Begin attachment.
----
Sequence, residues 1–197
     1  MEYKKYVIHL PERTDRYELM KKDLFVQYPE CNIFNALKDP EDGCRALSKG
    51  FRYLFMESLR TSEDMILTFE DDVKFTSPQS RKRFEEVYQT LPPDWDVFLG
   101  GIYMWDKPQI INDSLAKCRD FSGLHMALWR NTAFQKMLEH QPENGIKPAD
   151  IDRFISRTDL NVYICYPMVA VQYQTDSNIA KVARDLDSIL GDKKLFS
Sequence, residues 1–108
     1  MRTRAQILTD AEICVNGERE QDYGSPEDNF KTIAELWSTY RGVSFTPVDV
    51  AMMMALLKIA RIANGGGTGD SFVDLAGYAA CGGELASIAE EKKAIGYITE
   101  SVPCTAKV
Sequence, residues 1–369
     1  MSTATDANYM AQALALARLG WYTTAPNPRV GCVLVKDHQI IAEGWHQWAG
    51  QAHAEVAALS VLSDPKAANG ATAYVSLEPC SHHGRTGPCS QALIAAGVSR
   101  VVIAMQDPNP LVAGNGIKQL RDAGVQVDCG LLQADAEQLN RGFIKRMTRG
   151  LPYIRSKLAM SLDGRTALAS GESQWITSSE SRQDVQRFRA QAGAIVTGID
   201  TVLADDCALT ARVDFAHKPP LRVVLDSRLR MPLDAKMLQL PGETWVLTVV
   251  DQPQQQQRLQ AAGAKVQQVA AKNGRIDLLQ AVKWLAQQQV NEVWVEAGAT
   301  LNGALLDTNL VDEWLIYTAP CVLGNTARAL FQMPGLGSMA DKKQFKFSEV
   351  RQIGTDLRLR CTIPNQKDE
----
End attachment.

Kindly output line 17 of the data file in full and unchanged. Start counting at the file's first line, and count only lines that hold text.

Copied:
   301  LNGALLDTNL VDEWLIYTAP CVLGNTARAL FQMPGLGSMA DKKQFKFSEV